by Stephen Lendman
It's in the air. You can smell and taste it. It's not pleasant. Union bosses and city officials struck a deal. A previous article headlined Capitulation in Chicago?
Final details aren't known, but bet on it. It's baked in the cake. By the time this article circulates, it may be official. It practically is now.
Unions in Chicago and across America ill represented rank-and-file members for decades. Corporate and government negotiators know it. Beating labor means staying hardline and waiting them out. They'll cave like they always do.
Months of discussions produced stalemate. On September 10, teachers walked out. Board of Education (BoE) and Chicago Public Schools (CPS) officials spurned them on core issues. Resolving them in five days reveals sellout.
Saving public education is key. It's a fundamental right. It's on the chopping block for elimination. Commodifying it as another business profit center is planned.
Chicago Mayor Rahm Emanuel is hellbent on doing it. Doing so means placing bottom line priorities over teaching and learning.
Schools aren't businesses. Education isn't a product. It's a bedrock societal obligation. Keeping it out of profiteer hands is essential. Teachers are on their own to save it. It's also up to them to preserve their jobs with decent pay and benefits, as well as futures for Chicago kids.
Union bosses think sacrificing what's too important to lose doesn't matter as long as their welfare is secure. There's still a chance to beat them. Grassroots efforts alone can do it. Final contract terms aren't approved.
Chicago Teachers Union (CTU) president Karen Lewis wants House of Delegates approval fast. They're the CTU's governing body. Members elect them. They number over 700. Every city school is represented.
All union members have final say. Tallying their votes will take days. Once strike action ends and classes resume, it'll be too late to say no deal. Saying it now crucial. Later won't matter. Perhaps 24 hours means the difference between victory and defeat.
On September 15, the Chicago Tribune headlined "Tentative deal reached with striking Chicago teachers," saying:
Contract terms are agreed on. A tentative deal was struck. A City Hall source said school officials and union bosses reached a "framework with all points resolved."
Lewis revealed her duplicity. She's "very comfortable" with terms. "We think it's a framework that will get us to an agreement." She didn't explain what's in it, and most important what's not.
"Creative thinking" was involved, she claimed. "They thought about some stuff, and we thought about some stuff."
Education isn't "stuff." It's teaching, learning, and preparing kids effectively to move on for more of the same through graduation.
CTU attorney Robert Block said union officials will recommend the deal to members. He expects House of Delegates approval Sunday.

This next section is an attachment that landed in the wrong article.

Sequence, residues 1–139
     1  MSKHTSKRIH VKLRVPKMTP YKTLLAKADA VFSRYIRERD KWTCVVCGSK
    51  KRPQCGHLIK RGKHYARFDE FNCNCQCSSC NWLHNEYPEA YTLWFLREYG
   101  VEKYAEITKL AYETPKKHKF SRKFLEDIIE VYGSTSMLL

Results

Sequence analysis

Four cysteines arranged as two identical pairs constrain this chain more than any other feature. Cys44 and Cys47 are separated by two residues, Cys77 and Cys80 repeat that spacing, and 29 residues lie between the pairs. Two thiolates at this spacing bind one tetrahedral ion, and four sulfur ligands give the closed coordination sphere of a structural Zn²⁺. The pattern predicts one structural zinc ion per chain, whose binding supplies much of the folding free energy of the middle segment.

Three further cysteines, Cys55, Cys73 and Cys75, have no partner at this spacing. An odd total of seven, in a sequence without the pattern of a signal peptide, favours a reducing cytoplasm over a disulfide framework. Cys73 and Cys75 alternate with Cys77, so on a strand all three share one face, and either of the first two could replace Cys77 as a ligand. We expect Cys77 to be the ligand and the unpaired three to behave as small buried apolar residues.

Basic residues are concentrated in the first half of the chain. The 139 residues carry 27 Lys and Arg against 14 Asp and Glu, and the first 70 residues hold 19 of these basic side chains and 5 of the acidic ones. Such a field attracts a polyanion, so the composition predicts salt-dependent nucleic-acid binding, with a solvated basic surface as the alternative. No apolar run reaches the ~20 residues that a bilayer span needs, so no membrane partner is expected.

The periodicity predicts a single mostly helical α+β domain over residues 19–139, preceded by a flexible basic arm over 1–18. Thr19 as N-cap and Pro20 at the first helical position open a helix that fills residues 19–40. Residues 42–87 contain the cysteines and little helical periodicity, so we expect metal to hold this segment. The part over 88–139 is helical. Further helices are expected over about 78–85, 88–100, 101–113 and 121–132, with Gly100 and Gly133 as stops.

He and Lewis didn't explain why terms are withheld. CTU vice president Jesse Sharkey spilled the beans, saying:
"If our membership looks at a detailed summary of an entire contract and rejects it, then we are still on strike."
In other words, they'll reveal sellout. A bad deal no one should approve will be scuttled. Union bosses want sugar-coating cover. They want defeat looking like victory. Hopefully rank and file members will act in time to stop them.
School board president David Vitale was upbeat. "The heavy lifting is over," he said. "The general framework is in place. My message (to parents) is they should be prepared to have their kids in school on Monday."
His comments and body language alone show Emanuel got what he wanted. It's at the expense of teachers, parents, and kids. He confirmed it saying the deal is "an honest and principled compromise that is about who we all work for: our students."
He doesn't give a damn about students, teachers, and all ordinary Chicagoans. He represents money and power interests. What benefits them harms others.
"It's a deal," headlined a Tribune editorial, saying:
Parents "no doubt cheered the news." Wait 'till they find out what they got and see their reaction. Wait 'till teachers and student learn they were sold out.
"Schools will open Monday," said the Tribune. "That's all most parents will care to know." Did Emanuel really get the "reform" he wanted, it asked? Will public education destruction continue unabated? Will marketplace rules replace it?
Can teachers be fired or laid off freely? Will seniority rights no longer matter? Will principals have diktat authority? Will teaching to the test still be policy? Will teacher evaluations depend on prioritizing it over learning and good education? It looks certain on all counts and more.
The Tribune seems almost sanguine about dozens of planned school closures, consolidations, and parents left scrambling over where to send their kids when nearby schools close.
A Chicago Sun Times editorial tried having it both ways. Headlined "Stand up to teachers, but don't demonize them," it said:
"Allow us today to come to the defense of the striking Chicago teachers in a way that will fully please almost nobody, certainly not the teachers."